There are storage technology options that you can choose to get better performance and redundancy. RAID storage is one of the options that can be considered against regular hard drives. The article tries to compare the two options and highlight some of the pros and cons of each.
RAID Storage System
RAID, an acronym for Redundant Array of Independent Disks, is a technology that allows combining several disks into a one contiguous storage. Thus, the general difference between a RAID and typical hard drive is that using a RAID you can create some really big data storage. As of now, the maximum capacity of a typical hard drive you can buy is 4 TB (Hitachi); combining disks into a RAID, you can get almost any reasonable capacity. Also, recently new technologies based on RAID have become widely available; it is about Storage Spaces and a thin provisioning feature of Windows 8.1 and Windows Server 2012 R2 that allow creating virtually unlimited data storage.
Another difference between RAID and non-RAID systems is complexity. In RAIDs, data is being placed not only according to commands of the file system driver, but also following the pattern of the particular RAID layout. More than that, there are RAID types for which there is no generally accepted standard layout pattern. For example, RAID 6 arrays created by different controllers use different block placement pattern and sometimes even compute parity differently.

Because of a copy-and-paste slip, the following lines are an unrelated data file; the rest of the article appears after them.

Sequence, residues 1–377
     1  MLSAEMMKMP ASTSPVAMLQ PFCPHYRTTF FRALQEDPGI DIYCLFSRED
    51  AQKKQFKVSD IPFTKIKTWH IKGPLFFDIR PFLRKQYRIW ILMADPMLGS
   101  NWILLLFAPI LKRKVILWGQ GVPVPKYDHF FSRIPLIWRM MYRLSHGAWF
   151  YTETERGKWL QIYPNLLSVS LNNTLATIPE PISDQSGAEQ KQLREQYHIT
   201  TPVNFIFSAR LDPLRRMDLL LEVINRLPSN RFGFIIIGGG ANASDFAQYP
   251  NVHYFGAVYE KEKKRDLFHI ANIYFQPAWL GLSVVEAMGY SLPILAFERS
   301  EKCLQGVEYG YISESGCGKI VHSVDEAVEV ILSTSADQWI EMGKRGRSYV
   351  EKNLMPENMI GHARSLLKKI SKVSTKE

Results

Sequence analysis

On the one hand, a RAID ensures more reliability with respect to disk failure; on the other hand, RAID arrays still have a single point of failure – controller in case of a hardware RAID or managing software in a software RAID. When a controller fails, there is significant chance to lose all the data stored on the RAID. This also includes operator errors, for example wrong actions during the rebuild that nullify all reliability based on data redundancy.
If you need to place a large amount of data of an approximately similar purpose, for example backups that cannot be divided into logical groups (as it would be in case of movies and music) then stick to a RAID because it makes it easy for you to store data.
What Are Different Types Of RAID Systems?
RAID 0 / Stripping – No Redundancy
When Should I Use RAID 0 System?
RAID 1 / Mirroring – Mirrored Drives for Redundancy
When Should I Use RAID 1 System?
Can I Switch Between RAID 0 and RAID 1?
- My Book Duo Desktop RAID from Western Digital can switch between RAID 0 and RAID 1 storage options. As you may probably guess, this drive storage is 16T for RAID 0 this will reduce to 8TB if you configure it for RAID 1.
- and Rugged Raid Pro from LaCie can also switch between RAID 0 and RAID 1 easily.
RAID 5 – Stripping with Distributed Risk Parity
When Should I Use RAID 5 System?
What is the Minimum number of Disks / Drives Required for RAID 5 Systems?
RAID 5 Requires Minimum 3 Drives
What is the Maximum number of Disks / Drives Possible for RAID 5 Systems?
RAID 5 Can support up to a maximum of 32 drives to be implemented